Two weeks ago, the Stuyvesant Town-Peter Cooper Village Tenants Association announced that it had reached a settlement with CWCapital over five MCIs thrown residents’ way last fall.
It was a rare victory for tenants, albeit a bittersweet one.
It was a victory in that getting the owner to budge, even an inch, on a rent increase is a near-impossible task, at least in Stuyvesant Town. Attorneys, elected officials and the state housing agency (DHCR) had to get involved, and the talks took months. Ultimately, retroactive fees were eliminated for all, making the Tenants Association’s settlement much better for tenants than an offer initially offered by management to reduce them by about a third. The settlement worked in CWCapital’s favor too since MCIs (major capital improvements) are permanently added to the rent roll and for many tenants, 95 percent of the MCIs’ monthly portion will still have to be paid.
The ones to finally get a real break were the “Roberts” tenants, in renovated apartments, who pay higher rents, and now as a result of the settlement, don’t have to pay any of the five MCIs at all. However, it’s worth noting that this break comes just under a year after 1,100 of those residents were hit with mid-lease increases as a result of another settlement, this one of the “Roberts v. Tishman Speyer” class action. In many cases, these increases were hundreds of dollars. Like the MCIs, they were rent hikes tenants didn’t count on having to pay in addition to the annual increases authorized by the Rent Guidelines Board (RGB).
Add those increases onto the other fees residents may see permanently tacked on to their rent bills (individual apartment improvements, air conditioner surcharges) and it just compounds the obvious fact that rent stabilization is just not what it’s cracked up to be and the MCI system is hardly fair to renters.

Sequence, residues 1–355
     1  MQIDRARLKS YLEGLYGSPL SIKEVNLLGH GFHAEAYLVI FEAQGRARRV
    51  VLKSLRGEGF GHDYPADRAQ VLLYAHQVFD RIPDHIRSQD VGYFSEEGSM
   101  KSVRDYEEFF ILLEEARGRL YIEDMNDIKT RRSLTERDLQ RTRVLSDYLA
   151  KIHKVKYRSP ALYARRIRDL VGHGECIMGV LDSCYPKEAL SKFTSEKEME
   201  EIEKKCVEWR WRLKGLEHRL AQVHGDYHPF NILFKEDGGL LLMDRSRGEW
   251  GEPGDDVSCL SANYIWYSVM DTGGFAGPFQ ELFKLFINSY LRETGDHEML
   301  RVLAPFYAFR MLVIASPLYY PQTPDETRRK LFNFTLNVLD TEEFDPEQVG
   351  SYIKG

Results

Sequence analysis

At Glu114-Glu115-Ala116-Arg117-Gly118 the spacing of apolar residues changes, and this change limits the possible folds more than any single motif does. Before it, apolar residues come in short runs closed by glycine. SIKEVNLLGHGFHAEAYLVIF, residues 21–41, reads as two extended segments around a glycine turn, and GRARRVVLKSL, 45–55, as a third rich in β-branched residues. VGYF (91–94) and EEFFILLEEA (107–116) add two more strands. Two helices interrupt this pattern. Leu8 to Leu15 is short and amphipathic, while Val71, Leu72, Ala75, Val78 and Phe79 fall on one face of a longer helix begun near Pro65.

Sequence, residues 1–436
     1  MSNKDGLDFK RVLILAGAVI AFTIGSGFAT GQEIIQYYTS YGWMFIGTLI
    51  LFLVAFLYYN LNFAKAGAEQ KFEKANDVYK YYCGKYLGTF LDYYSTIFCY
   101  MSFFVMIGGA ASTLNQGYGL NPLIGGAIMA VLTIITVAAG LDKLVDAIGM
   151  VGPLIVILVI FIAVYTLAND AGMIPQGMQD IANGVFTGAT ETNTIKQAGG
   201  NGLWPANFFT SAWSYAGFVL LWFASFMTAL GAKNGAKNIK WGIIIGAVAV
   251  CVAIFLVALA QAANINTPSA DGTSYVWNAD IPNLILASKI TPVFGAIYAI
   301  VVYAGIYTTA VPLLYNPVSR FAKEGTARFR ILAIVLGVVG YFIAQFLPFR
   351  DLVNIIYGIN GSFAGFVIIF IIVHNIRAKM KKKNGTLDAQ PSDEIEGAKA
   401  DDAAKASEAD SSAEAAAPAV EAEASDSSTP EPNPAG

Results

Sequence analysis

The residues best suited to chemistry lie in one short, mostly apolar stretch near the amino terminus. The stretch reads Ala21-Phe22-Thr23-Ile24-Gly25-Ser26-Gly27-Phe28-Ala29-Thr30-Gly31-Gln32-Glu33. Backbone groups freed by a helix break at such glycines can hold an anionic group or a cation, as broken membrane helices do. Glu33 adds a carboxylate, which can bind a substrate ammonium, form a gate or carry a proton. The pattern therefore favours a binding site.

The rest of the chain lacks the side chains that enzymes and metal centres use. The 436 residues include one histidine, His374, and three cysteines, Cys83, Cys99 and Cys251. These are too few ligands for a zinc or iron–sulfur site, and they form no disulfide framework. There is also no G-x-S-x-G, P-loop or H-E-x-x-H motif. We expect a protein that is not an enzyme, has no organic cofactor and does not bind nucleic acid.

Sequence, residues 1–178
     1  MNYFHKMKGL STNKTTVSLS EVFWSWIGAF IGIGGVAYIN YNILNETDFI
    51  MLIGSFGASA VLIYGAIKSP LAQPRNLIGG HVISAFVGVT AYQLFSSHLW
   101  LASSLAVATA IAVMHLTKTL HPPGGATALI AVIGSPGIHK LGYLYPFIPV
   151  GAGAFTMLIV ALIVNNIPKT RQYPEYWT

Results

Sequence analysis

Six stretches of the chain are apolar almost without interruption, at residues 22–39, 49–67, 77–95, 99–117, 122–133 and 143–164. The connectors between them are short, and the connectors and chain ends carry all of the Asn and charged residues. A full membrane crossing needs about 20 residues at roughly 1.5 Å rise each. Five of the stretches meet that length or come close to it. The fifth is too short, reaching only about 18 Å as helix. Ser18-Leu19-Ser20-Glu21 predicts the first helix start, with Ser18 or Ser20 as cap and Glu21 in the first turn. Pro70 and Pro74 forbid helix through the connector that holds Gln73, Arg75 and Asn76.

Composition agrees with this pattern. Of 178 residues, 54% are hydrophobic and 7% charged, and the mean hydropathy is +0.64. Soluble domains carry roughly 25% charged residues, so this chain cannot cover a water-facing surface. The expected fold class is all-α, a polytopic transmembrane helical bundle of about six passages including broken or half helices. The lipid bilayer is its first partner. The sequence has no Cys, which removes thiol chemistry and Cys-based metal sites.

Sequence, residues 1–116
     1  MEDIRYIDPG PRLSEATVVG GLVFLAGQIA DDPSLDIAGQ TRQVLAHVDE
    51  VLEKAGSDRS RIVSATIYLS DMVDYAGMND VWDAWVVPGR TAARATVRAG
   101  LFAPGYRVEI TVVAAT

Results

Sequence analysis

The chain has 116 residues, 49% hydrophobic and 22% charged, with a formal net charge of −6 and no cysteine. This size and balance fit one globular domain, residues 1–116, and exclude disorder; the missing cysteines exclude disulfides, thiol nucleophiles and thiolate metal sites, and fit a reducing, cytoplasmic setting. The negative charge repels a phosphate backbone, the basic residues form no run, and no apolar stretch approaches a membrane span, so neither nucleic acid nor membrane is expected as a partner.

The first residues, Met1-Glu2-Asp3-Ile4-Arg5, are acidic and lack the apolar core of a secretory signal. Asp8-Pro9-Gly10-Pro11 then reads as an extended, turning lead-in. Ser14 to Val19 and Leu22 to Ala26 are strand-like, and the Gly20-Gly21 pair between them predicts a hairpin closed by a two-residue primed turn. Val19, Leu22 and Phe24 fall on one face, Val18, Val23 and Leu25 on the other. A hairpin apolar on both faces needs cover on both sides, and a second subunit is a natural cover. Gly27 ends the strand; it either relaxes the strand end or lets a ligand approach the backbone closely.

Local elected officials are sympathetic to the fact that this is just another way for landlords to gradually turn affordable apartments into market rate ones. However, in fighting them, they end up running into brick walls. Assemblyman Brian Kavanagh has authored a bill that would cap MCIs at what the cost of the improvement to a property actually is. This way the incentive for landlords to make improvements for the sole purpose of jacking up rents would be gone. However, that bill, like so much other tenant-friendly legislation, isn’t likely to get passed by the State Senate any time soon.
Knowing this, as well as the DHCR’s history of never meeting an MCI it didn’t like, and it’s tempting to throw one’s hands up (or just throw up) at a system that forces people to invest in the maintenance of properties they don’t own. After all, you don’t pay your dentist a fee for new equipment just installed in his office in addition to the bill you get for his service. Nor would you be expected to have to pay for a college campus building’s new roof after already having written a fat check for tuition.
As for what tenants can do about this particular obstacle to the continued existence of affordable housing, it’s impossible to guarantee what tactic would work. However, the onus is on tenants to at least try to fight MCIs. Otherwise, they will continue to be big business for landlords.
One way to do this is to financially support groups that fight on renters’ behalf like Tenants PAC, which works to get tenant-friendly politicians elected or the community’s own TA. (Because hiring attorneys for MCI battles isn’t free.)
Being knowledgeable about what tenants’ rights actually are is also helpful. Attending TA events is one way to do learn about the issue. The next TA meeting, which will focus on MCIs, will be held on May 10. Those who can’t make it can of course expect to find coverage of the event in this newspaper.
Another option is to get more active when the TA and other tenant groups hold rallies or take lobbying trips to Albany or, once a year, the Rent Guidelines Board vote in Manhattan. On Monday, May 5 at 6 p.m. the Rent Guidelines Board will hold a preliminary vote at the U.S. Customs House for what this year’s increase will be for the city’s million-plus stabilized renters.
Yes, this process has regularly been blasted as a sham, a circus and even the annual screw by tenant advocates. However, this year’s nine-member panel does have a new chair who’s been appointed by a new mayor. And unlike the previous mayor, Bill de Blasio at least claims to be interested in the maintenance of the city’s dwindling stock of affordable housing as well as the creation of new units.
So, could there, for once, be a chance that tenants showing up at RGB vote and hearings will have an impact on the board’s decisions? Especially if they speak up about MCIs and other non-RGB imposed increases renters have to face? There’s only one way to find out.
Correction: Not all “Roberts v. Tishman Speyer tenants” are exempt from having to pay the MCIs. Those who don’t have to pay any of the monthly portion are the “Roberts” tenants whose modified legal or “preferential” rents are lower than their maximum legal rents.